Thickening the ice
Steamboat's junior hockey team hopes to provide opportunity for young skaters
It’s been 32 years, and thinking about it still draws a pause from Misko Antisin.
It was 32 years ago, 1984, when Antisin attended his first National Hockey League training camp.
He was 19 years old, a defenseman out of Vancouver, British Columbia, and a scout for the Boston Bruins had spotted him playing junior hockey.
“The most amazing experience of my life,” he said Tuesday, looking out from his desk buried in Howelsen Ice Arena in Steamboat Springs.
Thirty-two years later, he was considerably further from the NHL, the nearest arena about three hours away for someone traveling via car and years away for someone trying to get there via hockey.
Antisin is days away from his debut as the coach and general manager of the Steamboat Wranglers, a semi-pro junior hockey team that will open its inaugural season with a home game at 7 p.m. Friday.
Exactly what that means — a junior hockey team in Steamboat Springs — takes some explaining.
Athletes, between 16 and 20 years old, come from across the country to play on the team. They pay, too, $7,500 per season for the right to wear the uniform.
Junior hockey is a minor league of sorts, but more akin to a high school summer baseball traveling program than an A-ball farm team.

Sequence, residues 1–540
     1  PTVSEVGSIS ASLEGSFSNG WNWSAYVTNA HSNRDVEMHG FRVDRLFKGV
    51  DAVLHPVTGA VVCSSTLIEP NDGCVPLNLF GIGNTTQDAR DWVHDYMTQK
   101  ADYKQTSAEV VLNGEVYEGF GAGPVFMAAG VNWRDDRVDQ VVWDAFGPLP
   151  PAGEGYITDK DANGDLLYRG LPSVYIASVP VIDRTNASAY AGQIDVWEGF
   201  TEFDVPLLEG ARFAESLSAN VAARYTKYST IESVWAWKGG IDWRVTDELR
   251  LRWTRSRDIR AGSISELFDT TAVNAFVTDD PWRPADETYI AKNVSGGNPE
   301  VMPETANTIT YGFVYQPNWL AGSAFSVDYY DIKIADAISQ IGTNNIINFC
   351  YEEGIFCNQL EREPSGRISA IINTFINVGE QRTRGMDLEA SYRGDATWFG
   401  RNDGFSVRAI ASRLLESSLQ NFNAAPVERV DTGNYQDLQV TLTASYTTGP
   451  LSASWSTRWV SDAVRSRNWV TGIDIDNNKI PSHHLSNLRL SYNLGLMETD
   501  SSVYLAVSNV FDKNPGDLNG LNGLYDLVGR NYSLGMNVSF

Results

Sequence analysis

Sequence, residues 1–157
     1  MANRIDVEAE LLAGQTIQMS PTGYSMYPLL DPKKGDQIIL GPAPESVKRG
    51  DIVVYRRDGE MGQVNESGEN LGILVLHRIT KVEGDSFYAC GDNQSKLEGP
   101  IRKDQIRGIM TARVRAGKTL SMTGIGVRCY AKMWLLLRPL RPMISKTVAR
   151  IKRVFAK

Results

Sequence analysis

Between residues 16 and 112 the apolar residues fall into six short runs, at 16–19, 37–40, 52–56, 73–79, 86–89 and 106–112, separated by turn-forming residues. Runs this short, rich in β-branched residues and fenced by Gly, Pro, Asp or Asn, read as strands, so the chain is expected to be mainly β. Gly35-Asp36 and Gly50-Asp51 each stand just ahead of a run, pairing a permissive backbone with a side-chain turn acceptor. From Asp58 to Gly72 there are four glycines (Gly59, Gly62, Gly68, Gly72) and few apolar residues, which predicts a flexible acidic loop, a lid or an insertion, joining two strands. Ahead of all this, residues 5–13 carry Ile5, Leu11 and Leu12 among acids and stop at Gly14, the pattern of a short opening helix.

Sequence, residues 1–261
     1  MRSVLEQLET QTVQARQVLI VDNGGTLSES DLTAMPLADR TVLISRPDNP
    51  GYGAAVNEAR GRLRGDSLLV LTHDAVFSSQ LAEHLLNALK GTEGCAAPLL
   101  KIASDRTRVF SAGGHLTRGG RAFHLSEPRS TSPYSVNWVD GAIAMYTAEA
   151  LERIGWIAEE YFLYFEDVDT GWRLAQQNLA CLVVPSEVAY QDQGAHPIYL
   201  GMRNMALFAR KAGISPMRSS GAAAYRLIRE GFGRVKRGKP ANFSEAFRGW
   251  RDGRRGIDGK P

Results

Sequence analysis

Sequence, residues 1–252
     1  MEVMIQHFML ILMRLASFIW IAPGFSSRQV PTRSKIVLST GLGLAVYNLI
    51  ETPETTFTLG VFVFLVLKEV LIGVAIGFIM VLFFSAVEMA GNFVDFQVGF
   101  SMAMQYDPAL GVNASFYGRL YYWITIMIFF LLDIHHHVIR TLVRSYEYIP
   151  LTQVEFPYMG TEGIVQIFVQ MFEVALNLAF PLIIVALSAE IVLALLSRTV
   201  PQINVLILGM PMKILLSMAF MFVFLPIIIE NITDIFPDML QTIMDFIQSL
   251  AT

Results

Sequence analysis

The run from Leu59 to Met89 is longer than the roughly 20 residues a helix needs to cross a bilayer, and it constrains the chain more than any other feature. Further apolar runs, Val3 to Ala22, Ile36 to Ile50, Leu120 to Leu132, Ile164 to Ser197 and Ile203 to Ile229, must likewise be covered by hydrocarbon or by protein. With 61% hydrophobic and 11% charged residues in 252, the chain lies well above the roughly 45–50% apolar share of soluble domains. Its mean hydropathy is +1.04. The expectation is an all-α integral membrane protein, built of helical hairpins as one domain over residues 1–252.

It’s an avenue, Steamboat’s coaches say. It’s certainly not the first step toward a hockey career, but it is a significant one, even if it’s still so far from the spotlight of the NHL, or even the relative flashlight of college hockey.
What is junior hockey? It’s an opportunity, and while Steamboat may now be a remote outpost on that journey, it’s not the end. It’s the beginning.
Division 1 dreams
The Wranglers have about 20 players on the roster and more are arriving daily —athletes who tried out for teams on higher tiers but got cut late in training camp and are now looking for a place to play.
Steamboat’s near the bottom of that ladder, in the third tier. It’s small time in the world of hockey, but those who took the ice Tuesday did so with large ambition.
The first big target is making a college team. That’s what had a trio of Wranglers working overtime after Tuesday’s practice, firing slap shots into the net even after the goalie had gone home.